The 60 pets landed in El Cajon, about 17 miles east of downtown San Diego, in a flight flown by volunteers and coordinated by Seattle-based nonprofit Greater Good Charities. It landed on Saturday afternoon.
‘In Louisiana and Mississippi, they were maxed out to capacity. Kennels were full and kennels were lining hallways,’ Jessica Gercke, public relations coordinator for the Helen Woodward Animal Center in San Diego, told local station KFMB.
‘Due to Hurricane Ida, they had to evacuate,’ said Gercke, who replied ‘absolutely’ when Greater Good asked them about hosting some of the animals.
‘To see them fly in is really touching to all of us,’ she said. ‘It always makes me feel like crying.’
The pets came from overflowing animal shelters in Louisiana ahead of Hurricane Ida, including this dog called Tiana
The 60 cats and dogs were evacuated ahead of the storm, expected to reach 155 mph winds
The evacuation was organized by the Seattle-based nonprofit Greater Good Charities
Camp Run-A-Mutt helped shuttle the dogs from the airport to San Diego-area shelters
Shelters and kennels in Louisiana and Mississippi are reportedly full of pets lining the hallways
‘To see them fly in is really touching to all of us,’ said an employee of an animal shelter that agreed to host some of the pets. ‘It always makes me feel like crying.’
Ida made landfall just after midday local time on Sunday, with its 150mph winds the joint-strongest ever recorded during a hurricane in Louisiana.
Large swathes of the Louisiana coast have already begun to flood, amid warnings of storm surges of up to 16 feet.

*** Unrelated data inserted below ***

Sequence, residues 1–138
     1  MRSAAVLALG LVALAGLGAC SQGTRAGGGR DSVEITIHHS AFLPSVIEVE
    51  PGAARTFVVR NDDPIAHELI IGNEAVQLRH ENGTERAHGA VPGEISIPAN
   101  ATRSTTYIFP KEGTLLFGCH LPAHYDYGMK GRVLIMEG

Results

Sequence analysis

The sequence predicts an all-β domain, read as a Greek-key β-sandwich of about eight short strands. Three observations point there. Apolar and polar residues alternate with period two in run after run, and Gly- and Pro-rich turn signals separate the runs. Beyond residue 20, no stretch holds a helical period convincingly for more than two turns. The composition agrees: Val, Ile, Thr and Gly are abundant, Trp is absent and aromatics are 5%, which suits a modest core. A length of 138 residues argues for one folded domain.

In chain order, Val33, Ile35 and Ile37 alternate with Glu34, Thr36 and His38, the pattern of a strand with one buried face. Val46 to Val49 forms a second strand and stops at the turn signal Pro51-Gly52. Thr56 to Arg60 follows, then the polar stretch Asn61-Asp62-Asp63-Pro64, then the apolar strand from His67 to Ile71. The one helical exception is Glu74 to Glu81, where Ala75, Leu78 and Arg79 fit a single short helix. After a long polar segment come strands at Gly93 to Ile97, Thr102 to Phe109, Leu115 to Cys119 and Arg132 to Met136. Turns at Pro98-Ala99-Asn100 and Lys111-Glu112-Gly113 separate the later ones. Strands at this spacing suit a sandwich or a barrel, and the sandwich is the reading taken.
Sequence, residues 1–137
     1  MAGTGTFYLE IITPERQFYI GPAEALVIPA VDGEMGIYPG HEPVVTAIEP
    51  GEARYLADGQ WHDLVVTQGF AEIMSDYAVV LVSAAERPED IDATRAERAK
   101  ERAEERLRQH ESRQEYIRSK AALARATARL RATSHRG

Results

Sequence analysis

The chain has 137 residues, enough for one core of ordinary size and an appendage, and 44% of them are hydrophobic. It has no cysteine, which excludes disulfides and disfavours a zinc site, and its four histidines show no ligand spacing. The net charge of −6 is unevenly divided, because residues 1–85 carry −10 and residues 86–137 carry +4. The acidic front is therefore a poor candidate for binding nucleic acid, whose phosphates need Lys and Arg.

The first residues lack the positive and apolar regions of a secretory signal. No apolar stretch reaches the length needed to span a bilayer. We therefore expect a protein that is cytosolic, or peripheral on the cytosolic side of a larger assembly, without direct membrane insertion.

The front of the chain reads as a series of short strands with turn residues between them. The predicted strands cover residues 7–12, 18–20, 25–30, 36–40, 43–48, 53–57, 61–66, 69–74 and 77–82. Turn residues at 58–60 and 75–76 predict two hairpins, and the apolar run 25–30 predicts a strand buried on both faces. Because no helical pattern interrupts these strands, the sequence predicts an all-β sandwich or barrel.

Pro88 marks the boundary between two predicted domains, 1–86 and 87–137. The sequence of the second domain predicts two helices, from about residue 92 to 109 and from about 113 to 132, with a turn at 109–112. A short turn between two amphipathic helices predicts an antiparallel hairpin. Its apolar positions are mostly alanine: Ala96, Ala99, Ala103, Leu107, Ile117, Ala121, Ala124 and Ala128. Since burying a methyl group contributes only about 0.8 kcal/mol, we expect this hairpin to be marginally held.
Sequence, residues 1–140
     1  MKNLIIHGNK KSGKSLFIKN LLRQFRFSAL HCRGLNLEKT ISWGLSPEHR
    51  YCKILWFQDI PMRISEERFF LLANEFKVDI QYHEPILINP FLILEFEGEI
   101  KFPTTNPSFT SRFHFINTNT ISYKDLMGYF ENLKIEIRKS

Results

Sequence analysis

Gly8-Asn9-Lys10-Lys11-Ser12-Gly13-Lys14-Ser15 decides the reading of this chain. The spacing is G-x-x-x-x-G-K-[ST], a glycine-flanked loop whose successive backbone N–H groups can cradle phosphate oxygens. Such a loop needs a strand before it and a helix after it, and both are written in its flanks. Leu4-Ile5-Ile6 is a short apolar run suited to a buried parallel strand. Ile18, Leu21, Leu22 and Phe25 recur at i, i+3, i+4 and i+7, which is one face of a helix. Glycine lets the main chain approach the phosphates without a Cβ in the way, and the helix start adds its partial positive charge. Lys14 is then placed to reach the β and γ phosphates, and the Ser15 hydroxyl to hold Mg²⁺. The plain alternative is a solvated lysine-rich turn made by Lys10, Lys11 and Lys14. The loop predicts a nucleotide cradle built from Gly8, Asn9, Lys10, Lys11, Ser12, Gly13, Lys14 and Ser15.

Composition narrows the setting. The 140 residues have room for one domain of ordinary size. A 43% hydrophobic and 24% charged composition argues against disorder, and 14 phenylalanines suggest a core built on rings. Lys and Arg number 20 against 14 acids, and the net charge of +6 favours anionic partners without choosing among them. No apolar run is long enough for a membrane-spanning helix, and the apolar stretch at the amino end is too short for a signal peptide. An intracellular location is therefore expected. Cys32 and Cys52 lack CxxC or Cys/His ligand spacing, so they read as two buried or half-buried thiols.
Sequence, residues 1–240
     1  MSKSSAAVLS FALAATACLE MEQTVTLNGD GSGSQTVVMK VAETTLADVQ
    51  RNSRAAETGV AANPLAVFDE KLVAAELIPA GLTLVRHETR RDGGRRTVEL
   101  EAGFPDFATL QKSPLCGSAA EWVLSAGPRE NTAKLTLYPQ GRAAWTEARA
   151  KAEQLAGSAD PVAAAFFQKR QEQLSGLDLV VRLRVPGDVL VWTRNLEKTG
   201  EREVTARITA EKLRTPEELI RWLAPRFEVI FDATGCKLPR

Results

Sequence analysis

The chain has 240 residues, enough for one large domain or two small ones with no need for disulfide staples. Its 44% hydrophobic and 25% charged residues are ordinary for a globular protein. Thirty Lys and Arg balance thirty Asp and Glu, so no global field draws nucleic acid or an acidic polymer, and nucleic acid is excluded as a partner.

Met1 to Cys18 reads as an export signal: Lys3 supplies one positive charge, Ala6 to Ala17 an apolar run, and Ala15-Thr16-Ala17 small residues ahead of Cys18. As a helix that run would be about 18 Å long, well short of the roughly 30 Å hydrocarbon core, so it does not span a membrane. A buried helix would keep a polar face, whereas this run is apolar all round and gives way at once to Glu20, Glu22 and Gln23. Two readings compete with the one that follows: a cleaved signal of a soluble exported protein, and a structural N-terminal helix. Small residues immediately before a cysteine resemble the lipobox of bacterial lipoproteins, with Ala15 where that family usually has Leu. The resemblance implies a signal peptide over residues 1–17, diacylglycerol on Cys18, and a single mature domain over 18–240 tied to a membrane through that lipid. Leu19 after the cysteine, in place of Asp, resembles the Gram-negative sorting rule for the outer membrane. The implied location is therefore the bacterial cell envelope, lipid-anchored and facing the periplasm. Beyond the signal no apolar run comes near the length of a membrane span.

New Orleans storm defenses – including mounds of earth called levees – have been strengthened since Hurricane Katrina hit on exactly the same date in 2005.
But Ida is also forecast to dump up to 20 inches of rain, sparking flood warnings, with local drainage systems likely unable to cope with the inundation.
Ida’s smaller size means it will be a stronger storm with more localized impact.
For comparison, Hurricane Katrina, which cost 1,833 lives and left damage of $176 billion, landed as a Category 3 storm.
Hurricane Ida is expected to land in Louisiana Sunday, bringing heavy rains and storm surge
Experts estimate expected damage to be in the billions. Above, two people check out the high waves on Lake Pontchartrain, a large estuary directly above downtown New Orleans
Volunteers from Camp Run-A-Mutt, a dog day care facility, helped shuttle the pets from the airport to local shelters and other facilities on Saturday.
A representative from Greater Good said the evacuation has affected the animals’ caretakers just as much as the pets themselves.
‘It’s not only the pets it’s the people. Yesterday, I had three different shelter directors at different times just breakdown,’ Erin Robbins told the station.
The cats and dogs arrived in California Saturday on a flight flown by volunteers
Ida’s smaller size means it will be a stronger storm with more localized impact in Louisiana
An organizer of the pet evacuation asks people to consider fostering, which is free
If the pets aren’t adopted, ‘Animals ultimately face a sad ending and have to be euthanized,’ said one animal shelter employee
One of Greater Good’s goals is to provide ‘care and feeding of rescued animals in shelters and sanctuaries and addressing the root causes of their conditions,’ according to their website.
Fostering a pet is free, Gercke stressed, with facilities often providing everything a new pet owner needs to get started.
‘If these pets do not get fostered or adopted, the ending is tragic and shelters shut down. Animals ultimately face a sad ending and have to be euthanized,’ she said.